Cocos Keeling Islands

Journeys of Aardvarc
Sun 28 Sep 2008 14:10

position 12:05.5S 096:52.8E


6 days at sea and then we arrived in a new paradise. I had never heard of these islands before and it seems no one else has as they are unspoilt and beautiful.


The island have a small community of 600 people, largely previously involved in Coconut farming.

450 are of Malaysian origin and were brought in by the self styled ruler several hundred years ago as cheap labour.

The others are Aussies  who administer the island and are quietly developing tourism.


The turquoise colours of the waters are the best yet and there are fish everywhere..


Yesterday I started to go in off the back of the boat and saw a black-tipped reef shark beneath me, fair enough but then two others appeared, quite big so I decided to delay my dip.


So what do we do in such wonderful surroundings...sun bathing, snorkelling we have been fixing the watermaker!


It developed a major leak, enough to set the engine bilge alarm off.


There had been a smaller slow leak previously which had seized up the bearers on which it stands so before we could do anything we had to dismantle these and then rebuild them.


We replaced the low pressure pump, replaced most of the internal plumbing with suitable modifications using special tools ( hacksaw and hammer!!) and 36 hours later we fired it up and were hit in the face with a high pressure jet of water.  all this time we had spent scrunched up in a very hot area down by the engine. Pleasant though the shower was it meant another partial dismantling.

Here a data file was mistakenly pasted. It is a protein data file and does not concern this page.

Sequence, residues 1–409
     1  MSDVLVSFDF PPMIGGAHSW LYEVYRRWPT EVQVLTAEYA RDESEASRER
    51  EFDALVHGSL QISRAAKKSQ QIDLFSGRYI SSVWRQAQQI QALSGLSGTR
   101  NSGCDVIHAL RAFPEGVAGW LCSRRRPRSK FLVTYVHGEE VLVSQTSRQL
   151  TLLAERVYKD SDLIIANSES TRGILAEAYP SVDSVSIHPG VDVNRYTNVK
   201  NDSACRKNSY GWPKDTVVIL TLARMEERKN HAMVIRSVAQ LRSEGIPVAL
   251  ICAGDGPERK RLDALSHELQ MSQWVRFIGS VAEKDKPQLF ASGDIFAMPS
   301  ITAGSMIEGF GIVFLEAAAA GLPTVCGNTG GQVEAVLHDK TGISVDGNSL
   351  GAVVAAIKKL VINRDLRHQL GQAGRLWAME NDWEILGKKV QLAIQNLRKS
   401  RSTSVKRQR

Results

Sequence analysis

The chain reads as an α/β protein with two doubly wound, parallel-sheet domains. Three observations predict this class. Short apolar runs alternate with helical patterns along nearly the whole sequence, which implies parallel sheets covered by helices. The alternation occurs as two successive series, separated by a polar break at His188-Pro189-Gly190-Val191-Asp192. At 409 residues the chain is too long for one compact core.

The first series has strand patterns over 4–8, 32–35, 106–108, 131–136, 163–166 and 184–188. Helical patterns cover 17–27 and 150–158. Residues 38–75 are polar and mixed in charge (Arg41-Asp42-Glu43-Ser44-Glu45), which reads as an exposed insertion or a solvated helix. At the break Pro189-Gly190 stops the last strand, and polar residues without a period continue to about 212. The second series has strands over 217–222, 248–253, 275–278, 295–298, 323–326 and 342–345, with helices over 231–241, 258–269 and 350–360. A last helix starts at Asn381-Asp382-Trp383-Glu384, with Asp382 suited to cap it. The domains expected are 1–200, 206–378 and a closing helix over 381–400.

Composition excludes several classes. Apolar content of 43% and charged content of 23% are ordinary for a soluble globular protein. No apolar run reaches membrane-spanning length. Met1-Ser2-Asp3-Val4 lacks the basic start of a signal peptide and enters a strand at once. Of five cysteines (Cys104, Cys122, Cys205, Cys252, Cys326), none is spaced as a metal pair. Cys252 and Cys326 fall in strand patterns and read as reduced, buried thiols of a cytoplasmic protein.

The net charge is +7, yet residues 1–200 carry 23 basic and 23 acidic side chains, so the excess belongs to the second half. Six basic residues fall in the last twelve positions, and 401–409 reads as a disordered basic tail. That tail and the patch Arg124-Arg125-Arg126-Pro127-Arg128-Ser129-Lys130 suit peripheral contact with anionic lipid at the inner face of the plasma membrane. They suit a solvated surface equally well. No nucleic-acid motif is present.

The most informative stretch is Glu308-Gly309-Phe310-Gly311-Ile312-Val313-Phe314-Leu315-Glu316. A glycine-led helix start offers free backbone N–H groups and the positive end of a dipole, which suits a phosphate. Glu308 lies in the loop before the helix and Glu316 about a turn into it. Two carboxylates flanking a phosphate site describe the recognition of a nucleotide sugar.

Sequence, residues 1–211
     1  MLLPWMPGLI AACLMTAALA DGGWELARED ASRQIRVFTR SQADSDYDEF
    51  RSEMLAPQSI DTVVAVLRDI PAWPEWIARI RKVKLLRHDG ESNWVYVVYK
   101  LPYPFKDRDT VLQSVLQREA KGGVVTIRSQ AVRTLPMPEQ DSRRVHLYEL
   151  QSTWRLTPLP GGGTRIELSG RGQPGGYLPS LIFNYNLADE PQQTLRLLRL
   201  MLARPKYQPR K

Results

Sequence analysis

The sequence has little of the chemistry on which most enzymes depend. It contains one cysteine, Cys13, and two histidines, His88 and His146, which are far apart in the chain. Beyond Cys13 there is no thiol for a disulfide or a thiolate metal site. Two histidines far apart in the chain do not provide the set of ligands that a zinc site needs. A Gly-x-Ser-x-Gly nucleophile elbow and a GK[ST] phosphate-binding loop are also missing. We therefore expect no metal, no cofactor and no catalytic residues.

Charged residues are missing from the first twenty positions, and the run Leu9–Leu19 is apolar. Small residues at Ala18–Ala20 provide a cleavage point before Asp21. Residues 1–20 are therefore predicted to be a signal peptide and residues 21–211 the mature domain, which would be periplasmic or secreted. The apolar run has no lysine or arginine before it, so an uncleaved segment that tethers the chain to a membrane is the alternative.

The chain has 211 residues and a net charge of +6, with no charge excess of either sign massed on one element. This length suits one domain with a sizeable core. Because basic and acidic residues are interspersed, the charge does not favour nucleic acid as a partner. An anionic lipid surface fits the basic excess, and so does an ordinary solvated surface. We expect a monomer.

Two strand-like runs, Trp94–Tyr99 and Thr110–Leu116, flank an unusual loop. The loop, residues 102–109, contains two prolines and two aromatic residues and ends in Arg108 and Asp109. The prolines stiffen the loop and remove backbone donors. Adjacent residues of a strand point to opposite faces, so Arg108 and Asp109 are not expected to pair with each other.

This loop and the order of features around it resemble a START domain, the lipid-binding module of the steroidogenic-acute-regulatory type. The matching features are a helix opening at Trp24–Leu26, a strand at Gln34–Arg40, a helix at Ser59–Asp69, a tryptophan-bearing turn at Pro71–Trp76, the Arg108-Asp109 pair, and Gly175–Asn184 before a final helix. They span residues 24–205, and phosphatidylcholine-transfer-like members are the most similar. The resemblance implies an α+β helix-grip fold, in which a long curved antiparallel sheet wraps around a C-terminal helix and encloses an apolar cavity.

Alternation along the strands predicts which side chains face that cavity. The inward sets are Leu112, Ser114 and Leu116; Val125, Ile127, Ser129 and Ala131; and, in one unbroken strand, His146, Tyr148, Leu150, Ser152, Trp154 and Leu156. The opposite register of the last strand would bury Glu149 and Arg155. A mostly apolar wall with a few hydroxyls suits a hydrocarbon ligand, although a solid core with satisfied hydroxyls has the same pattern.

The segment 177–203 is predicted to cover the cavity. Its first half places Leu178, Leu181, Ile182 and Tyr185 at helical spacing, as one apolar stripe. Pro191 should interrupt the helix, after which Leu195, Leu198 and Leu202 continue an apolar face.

To cut a long story short ( you haven't I hear you say)  ...we fixed it, better than ever and can now make 70 litres of fresh water from sea water every hour.


Yesterday Sam and Robert serviced the generator and the strainers while I was laid up  having sprained my back lifting the watermaker.


We have found time to have beach barbeques in the evenings and on the first night cooked a 3feet long Dorado that we had caught on our way in. Wrapped in aluminium foil, sprinkled with herbs and olive oil and lemon juice...It cooked perfectly and fell off the bone. There was enough for 20 of us to eat.


Today we head out for the next major passage.....2300 miles across the Indian Ocean to Mauritius..should be a fast passage with strongish winds...and hope fully lots of fresh fish.


Sorry about the shortage of photos on this blog but were not able to get internet access ashore so using the limited boat system via satellite.


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